The phenomenal growth of women-owned businesses has made headlines for three decades–women consistently have been launching new enterprises at twice the rate of men, and their growth rates of employment and revenue have outpaced the economy.
So, it is dismaying to see that, despite all this progress, on average, women-owned business are still small compared with businesses owned by men. And while the gap has narrowed, as of 2008–the latest year for which numbers are available–the average revenues of majority women-owned businesses were still only 27% of the average of majority men-owned businesses.
There are those who will say that these numbers substantiate what they always knew: Women just don’t have what it takes to start and run a substantial, growing business. But I don’t buy that: More than a quarter of a million women in the U.S. own and lead businesses with annual revenue topping $1 million–and many of these businesses are multimillion-dollar enterprises. Clearly, many women have the vision, capacity and perseverance to build thriving companies.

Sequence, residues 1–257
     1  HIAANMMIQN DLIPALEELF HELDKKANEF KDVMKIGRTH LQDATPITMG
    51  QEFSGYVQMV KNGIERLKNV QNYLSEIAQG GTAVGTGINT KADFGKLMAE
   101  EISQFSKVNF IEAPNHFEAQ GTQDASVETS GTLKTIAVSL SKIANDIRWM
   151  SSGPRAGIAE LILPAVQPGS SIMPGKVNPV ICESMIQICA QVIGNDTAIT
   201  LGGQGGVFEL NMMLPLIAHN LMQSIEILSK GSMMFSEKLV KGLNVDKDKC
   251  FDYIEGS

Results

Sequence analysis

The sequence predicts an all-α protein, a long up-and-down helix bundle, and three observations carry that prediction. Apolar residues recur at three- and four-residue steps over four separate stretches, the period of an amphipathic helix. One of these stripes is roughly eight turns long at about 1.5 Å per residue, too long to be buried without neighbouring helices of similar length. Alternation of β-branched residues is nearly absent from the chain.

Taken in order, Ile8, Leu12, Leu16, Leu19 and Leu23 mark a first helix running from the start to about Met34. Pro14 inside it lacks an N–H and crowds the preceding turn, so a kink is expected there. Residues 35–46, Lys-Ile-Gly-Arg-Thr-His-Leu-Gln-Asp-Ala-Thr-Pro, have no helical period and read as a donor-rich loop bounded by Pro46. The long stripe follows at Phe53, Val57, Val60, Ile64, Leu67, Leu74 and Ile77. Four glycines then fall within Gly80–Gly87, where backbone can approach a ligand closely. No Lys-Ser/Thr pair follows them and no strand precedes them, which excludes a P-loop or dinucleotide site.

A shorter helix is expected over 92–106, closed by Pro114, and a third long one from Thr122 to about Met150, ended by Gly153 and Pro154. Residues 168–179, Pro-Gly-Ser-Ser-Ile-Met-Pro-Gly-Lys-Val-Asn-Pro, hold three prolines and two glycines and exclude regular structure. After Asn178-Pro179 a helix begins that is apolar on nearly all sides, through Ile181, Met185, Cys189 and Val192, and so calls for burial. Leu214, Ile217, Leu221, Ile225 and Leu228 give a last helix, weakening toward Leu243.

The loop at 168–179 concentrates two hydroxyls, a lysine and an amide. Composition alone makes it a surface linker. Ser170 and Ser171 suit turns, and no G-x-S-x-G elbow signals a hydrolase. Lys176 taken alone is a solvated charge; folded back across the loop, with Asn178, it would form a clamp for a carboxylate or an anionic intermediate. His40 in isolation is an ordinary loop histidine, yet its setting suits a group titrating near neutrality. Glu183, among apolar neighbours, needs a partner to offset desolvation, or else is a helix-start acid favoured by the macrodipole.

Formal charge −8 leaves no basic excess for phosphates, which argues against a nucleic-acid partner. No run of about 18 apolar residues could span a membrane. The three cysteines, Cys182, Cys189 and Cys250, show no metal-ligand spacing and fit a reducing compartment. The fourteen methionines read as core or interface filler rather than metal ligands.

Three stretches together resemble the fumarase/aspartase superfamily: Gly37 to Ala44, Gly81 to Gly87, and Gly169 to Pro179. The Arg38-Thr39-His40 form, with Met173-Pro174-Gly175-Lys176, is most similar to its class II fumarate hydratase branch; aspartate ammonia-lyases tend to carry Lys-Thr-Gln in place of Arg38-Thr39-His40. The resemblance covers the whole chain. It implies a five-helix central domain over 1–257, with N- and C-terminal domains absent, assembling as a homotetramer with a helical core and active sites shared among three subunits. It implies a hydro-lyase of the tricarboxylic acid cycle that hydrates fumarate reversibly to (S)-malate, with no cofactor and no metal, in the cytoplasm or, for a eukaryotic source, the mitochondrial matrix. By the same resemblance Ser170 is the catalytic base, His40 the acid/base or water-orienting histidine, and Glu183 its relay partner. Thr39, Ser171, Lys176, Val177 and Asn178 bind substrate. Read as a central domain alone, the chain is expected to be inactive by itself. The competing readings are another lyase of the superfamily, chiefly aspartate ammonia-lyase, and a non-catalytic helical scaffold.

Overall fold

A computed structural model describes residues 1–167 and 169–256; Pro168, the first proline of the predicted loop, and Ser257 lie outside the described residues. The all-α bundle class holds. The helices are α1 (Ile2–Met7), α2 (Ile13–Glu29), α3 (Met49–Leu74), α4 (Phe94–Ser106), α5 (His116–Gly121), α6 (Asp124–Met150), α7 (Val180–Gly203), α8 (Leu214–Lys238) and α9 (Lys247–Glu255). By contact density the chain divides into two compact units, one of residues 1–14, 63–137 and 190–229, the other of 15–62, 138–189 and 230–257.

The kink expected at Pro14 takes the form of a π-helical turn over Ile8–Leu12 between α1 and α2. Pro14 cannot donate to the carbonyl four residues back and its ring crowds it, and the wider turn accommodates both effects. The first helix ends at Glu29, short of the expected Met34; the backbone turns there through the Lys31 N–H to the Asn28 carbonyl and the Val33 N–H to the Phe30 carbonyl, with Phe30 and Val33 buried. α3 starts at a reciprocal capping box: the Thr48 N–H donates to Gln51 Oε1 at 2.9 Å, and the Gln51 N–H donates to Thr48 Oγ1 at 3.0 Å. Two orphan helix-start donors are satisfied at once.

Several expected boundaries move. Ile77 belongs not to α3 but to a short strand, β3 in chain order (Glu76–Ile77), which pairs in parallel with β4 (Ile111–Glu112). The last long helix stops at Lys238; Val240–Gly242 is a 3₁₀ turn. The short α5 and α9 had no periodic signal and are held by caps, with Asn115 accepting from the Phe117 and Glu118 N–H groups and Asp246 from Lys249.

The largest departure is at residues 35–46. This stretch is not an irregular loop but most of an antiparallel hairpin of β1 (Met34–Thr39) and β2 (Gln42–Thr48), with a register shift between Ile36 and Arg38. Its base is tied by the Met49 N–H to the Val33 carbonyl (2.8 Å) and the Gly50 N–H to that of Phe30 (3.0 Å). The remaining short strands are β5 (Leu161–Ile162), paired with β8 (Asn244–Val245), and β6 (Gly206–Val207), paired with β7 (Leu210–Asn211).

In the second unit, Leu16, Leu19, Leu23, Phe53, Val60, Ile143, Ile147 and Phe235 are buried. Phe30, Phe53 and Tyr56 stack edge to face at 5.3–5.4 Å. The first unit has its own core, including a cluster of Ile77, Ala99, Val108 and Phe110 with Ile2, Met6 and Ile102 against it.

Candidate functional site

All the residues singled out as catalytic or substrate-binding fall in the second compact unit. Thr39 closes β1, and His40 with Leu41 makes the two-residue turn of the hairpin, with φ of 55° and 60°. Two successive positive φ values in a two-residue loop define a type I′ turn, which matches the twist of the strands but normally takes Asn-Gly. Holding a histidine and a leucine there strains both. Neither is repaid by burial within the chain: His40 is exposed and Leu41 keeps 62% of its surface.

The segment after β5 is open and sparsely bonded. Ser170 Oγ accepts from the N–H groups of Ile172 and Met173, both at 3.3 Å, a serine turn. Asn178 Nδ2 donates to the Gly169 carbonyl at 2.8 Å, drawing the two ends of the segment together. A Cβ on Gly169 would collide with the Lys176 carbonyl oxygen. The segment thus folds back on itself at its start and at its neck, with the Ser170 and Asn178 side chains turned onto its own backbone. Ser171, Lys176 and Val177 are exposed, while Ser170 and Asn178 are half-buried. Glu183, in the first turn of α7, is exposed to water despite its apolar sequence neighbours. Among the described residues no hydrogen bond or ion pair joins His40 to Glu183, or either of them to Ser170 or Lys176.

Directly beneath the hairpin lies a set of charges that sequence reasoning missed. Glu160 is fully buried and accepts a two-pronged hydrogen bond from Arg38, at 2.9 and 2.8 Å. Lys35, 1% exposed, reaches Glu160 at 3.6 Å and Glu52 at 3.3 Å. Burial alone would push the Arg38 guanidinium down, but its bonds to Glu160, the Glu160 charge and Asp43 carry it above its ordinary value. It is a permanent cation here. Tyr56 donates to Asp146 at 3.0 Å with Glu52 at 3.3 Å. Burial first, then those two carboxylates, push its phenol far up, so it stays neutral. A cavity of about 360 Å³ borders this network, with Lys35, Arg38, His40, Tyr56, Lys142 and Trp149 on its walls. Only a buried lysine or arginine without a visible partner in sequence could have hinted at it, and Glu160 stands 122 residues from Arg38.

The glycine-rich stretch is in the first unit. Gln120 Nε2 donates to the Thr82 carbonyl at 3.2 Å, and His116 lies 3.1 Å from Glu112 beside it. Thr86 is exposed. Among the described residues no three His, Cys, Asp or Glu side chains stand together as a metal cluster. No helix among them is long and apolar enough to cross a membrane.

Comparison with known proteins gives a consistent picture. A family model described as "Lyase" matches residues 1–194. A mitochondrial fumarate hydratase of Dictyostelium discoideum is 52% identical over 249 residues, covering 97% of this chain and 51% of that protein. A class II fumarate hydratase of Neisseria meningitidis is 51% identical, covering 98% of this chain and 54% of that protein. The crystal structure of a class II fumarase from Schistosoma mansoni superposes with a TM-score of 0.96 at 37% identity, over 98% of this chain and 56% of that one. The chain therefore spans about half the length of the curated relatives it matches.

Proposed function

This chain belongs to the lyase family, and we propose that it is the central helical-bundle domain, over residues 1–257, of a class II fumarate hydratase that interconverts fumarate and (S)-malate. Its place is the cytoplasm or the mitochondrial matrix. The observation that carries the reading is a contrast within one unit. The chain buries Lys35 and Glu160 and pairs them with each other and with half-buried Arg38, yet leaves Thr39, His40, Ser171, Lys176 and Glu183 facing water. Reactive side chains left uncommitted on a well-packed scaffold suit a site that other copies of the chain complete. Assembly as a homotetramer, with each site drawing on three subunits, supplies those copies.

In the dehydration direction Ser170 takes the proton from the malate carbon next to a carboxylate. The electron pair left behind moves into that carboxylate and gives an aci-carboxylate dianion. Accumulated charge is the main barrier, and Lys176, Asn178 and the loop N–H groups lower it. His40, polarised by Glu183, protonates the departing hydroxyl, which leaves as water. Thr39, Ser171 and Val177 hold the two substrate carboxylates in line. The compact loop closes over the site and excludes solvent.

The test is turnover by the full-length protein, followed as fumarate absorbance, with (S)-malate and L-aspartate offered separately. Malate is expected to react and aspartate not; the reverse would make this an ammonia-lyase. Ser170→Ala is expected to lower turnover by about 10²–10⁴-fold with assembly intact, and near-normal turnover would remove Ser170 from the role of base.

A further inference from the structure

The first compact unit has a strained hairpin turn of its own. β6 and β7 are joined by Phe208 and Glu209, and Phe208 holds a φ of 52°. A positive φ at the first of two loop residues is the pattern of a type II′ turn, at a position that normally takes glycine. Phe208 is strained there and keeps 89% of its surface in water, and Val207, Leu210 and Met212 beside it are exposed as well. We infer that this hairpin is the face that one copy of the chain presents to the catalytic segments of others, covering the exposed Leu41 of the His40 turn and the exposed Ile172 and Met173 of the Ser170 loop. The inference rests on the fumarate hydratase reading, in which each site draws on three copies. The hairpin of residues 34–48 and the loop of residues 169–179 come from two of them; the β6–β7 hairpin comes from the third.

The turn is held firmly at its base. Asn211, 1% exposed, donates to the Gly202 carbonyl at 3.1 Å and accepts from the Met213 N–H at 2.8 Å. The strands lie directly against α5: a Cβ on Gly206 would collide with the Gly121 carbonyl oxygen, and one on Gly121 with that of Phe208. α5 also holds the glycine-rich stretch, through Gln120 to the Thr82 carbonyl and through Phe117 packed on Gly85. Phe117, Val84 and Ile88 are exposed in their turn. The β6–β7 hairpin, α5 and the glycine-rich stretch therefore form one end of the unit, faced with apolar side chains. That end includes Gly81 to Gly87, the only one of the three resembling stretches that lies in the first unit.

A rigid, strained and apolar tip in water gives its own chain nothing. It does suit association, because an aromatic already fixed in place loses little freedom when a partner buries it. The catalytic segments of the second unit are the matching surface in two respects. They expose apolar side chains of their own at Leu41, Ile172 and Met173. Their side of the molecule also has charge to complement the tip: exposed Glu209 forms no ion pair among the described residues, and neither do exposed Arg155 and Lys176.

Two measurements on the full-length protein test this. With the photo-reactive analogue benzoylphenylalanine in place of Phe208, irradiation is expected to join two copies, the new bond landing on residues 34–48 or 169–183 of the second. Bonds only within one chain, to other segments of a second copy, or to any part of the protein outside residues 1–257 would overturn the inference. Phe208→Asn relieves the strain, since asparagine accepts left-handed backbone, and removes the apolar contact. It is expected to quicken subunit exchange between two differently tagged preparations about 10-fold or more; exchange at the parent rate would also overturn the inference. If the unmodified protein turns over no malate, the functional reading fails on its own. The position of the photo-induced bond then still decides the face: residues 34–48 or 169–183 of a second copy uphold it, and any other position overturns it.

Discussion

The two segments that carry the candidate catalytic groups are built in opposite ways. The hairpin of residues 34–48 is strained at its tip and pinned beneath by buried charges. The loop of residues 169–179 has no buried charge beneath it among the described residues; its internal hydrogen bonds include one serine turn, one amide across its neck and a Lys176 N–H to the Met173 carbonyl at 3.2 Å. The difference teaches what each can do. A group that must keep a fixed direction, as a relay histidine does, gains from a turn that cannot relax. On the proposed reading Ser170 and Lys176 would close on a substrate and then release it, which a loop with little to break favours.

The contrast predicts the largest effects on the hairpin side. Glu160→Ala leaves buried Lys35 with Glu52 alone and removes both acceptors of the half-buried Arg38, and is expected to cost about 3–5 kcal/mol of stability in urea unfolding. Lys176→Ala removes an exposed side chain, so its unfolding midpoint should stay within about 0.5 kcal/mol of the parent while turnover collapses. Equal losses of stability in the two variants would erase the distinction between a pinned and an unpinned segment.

So what’s holding back so many women business owners?
IT STARTS WITH THE GOALS: The value of setting high goals for growth is not just a motivational myth. Research shows that the only statistically significant predictor of business growth is not the industry, size of business or length of time in business. It is the entrepreneur’s goal for growth.
ACCESS TO CAPITAL: Women often come to entrepreneurship with fewer resources available to them than men. The result is that they are more likely to go into industries such as retail or personal services where the cost of entry is low–but so is the growth potential.
Photo by Evil Erin